Disturbances in serotonin (5HT) metabolism in brain have been implicated in the pathogenesis of affective disorders and suicide. The objective of this novel application is to examine the hypothesis that suicide victims with a history of unipolar or bipolar depression (as opposed to normal controls or suicides without a history of depression) demonstrate a dysfunction of the 5HT system in the forebrain and brainstem raphe nuclei. The premise of the proposed studies examining binding to 5HT receptor subtypes in forebrain is that the observed decrement in midbrain content of 5HT in suicides may be relate to 5HT receptor supersensitivity in the forebrain in suicide victims with a history of depression. Decreased numbers of 5HT-1A autoreceptors or diminished amounts of tryptophan hydroxylase in the midbrain raphe may underlie the decrease in the content of 5HT in the brainstem of suicide victims and be responsible for clinical depression. The proposed postmortem studies are unique in correlating several markers for 5HT in the same blocks of tissue with premortem psychiatric disorders in suicide victims.
Specific aims of this research include: << 1) To collect brain tissue from suicide victims and psychiatrically normal controls dying by natural causes, accidents or homicides, and compile toxicological data and perform psychological autopsies on all cases. Criteria for exclusion from serotonin receptor studies would include: neurological history or neuropathology, or recent antidepressant therapy. Alcohol or psychoactive substance use disorder in suicide will also be controlled for >>; 2) To examine the hypothesis that 5HT-1A and 5HT-2 receptor binding is increased in the frontal cortex (areas 8 & 9, 10) and hippocampus of suicide victims with a history of depression as compared to << suicide without a history of depression and >> controls (depression is defined as unipolar or bipolar depression); 3) To examine the hypothesis that binding to the serotonin uptake recognition site is decreased in frontal cortex, hippocampus, dorsal an median raphe nuclei in suicide victims with a history of depression as compared to << suicides without a history of depression and >> controls; 4) To examine the hypothesis that 5HT-1A receptor binding in the dorsal and median raphe nuclei is increased in suicide victims with a history of depression as compared to << suicides without a history of depression and >> controls; and 5) To examine the hypothesis that the content of 5HT and 5- hydroxyindoleacetic acid is decreased, and <> is increased in the dorsal raphe nucleus, in suicide victims with a history of depression compared to << suicides without a history of depression and >> controls. The proposed studies will provide a critical and unique test of the hypothesis that alterations in 5HT receptor number are linked to depression in suicide. Measurement of 5HT receptor binding in brain regions of depressed suicide victims may prove to be an important indirect indicator of central 5HT neuron function in mood disorder and suicide. Examining multiple features of 5HT neurons at the cell bodies of origin and in projection areas is a unique approach to examining the role of 5HT in depression and suicide. These studies should provide preliminary steps toward the eventual goal of imaging monoamine receptors in vivo in patients suffering from depression and suicidal ideation.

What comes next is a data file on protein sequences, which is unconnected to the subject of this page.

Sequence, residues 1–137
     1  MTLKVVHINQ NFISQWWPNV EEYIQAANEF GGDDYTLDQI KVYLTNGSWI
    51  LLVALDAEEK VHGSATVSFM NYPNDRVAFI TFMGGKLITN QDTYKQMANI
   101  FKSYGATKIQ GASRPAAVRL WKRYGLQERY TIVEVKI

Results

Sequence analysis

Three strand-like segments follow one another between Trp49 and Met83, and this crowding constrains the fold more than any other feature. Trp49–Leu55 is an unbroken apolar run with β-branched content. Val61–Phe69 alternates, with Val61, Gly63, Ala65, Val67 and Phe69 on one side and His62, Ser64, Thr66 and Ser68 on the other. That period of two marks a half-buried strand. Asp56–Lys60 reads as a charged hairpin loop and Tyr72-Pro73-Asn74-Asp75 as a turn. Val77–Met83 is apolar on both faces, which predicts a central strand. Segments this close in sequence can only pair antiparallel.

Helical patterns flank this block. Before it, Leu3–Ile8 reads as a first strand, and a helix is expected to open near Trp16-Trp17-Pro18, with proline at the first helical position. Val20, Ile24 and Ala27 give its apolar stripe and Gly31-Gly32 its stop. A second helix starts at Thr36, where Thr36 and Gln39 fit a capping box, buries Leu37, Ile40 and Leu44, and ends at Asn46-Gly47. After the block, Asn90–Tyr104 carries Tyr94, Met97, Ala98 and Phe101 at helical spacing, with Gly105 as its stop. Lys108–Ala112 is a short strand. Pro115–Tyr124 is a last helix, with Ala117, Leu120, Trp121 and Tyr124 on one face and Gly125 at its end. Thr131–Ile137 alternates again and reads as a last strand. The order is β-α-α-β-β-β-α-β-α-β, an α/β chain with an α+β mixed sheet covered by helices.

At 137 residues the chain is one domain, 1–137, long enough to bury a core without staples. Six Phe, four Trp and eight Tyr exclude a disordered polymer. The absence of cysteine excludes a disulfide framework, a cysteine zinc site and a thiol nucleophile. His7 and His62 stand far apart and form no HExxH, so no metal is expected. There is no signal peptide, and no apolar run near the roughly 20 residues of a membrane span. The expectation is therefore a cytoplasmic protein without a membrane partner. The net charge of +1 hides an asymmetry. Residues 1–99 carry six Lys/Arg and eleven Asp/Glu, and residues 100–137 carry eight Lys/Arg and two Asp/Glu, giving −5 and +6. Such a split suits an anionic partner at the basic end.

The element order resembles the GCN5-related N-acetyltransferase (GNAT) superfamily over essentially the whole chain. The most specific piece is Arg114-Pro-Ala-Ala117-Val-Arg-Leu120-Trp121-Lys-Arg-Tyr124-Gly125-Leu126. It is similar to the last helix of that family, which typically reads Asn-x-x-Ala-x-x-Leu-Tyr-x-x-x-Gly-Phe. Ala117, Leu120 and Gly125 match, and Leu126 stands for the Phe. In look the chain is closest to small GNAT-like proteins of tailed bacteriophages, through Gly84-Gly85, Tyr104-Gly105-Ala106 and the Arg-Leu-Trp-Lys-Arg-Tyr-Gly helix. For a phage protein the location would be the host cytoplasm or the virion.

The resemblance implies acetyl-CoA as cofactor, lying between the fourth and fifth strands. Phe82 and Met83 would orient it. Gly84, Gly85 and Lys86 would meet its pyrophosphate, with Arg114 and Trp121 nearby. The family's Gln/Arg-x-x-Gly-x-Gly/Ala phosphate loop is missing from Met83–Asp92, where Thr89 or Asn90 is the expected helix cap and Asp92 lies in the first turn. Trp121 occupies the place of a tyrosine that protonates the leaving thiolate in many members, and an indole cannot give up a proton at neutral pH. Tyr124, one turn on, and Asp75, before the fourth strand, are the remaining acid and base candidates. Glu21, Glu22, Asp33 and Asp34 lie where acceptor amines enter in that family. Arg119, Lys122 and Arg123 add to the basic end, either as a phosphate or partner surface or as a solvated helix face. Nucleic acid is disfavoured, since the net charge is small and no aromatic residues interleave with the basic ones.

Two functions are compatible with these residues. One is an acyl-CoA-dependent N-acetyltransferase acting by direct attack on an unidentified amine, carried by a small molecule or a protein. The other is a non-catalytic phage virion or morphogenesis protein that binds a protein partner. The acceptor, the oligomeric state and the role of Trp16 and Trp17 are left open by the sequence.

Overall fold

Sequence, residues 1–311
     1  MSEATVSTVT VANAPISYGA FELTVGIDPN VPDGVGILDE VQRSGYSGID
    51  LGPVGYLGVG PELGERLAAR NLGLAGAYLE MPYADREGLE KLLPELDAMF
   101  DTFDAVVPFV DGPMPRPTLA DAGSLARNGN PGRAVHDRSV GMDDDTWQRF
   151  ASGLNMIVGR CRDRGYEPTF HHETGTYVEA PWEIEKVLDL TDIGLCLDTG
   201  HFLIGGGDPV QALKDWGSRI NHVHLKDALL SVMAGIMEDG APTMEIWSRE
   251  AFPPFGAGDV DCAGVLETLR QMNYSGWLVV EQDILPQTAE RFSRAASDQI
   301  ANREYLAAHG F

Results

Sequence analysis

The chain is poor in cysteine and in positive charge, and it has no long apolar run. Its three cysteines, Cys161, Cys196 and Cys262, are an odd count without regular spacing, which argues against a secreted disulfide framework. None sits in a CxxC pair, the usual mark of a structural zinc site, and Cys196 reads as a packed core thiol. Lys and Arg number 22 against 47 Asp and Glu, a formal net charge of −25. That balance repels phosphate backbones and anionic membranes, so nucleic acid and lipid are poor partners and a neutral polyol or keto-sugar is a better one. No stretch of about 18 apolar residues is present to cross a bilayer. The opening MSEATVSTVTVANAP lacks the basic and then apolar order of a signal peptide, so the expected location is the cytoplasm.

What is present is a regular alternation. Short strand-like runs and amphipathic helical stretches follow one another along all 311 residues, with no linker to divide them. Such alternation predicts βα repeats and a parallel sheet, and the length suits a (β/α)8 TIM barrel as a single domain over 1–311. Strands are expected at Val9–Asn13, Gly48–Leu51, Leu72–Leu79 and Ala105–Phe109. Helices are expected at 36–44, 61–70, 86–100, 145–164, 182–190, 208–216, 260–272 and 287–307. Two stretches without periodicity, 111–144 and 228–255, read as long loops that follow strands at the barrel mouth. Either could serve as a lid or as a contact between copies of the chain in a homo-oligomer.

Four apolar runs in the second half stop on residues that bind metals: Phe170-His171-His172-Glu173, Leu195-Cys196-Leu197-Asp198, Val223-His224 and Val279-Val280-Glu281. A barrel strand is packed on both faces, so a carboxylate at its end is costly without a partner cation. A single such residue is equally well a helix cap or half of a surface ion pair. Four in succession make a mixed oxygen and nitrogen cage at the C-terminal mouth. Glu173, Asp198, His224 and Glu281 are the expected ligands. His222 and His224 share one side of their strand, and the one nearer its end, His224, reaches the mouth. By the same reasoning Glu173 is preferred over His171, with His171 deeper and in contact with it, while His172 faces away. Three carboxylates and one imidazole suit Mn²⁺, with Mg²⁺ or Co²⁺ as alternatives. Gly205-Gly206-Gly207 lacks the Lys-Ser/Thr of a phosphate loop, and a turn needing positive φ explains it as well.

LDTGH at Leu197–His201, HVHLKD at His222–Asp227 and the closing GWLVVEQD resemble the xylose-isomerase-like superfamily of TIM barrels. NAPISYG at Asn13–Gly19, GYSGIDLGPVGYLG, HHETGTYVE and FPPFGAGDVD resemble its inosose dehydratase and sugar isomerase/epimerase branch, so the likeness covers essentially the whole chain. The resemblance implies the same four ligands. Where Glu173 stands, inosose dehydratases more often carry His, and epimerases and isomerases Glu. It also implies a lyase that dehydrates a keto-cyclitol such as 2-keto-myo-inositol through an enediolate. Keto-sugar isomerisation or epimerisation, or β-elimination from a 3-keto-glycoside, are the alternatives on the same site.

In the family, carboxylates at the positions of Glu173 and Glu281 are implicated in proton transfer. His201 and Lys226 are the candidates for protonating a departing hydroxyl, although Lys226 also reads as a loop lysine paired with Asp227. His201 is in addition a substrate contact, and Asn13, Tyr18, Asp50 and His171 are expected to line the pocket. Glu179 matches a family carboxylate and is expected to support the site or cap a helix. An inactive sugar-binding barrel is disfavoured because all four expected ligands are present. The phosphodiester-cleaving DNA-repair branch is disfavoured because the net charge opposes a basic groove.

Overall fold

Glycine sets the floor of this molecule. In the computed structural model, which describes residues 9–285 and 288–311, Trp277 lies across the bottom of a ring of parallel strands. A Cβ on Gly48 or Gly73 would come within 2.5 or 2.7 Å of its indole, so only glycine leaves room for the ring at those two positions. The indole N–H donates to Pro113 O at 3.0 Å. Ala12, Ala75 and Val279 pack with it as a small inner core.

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National Institute of Mental Health (NIMH)
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Biological Psychopathology Review Committee (BPP)
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Case Western Reserve University
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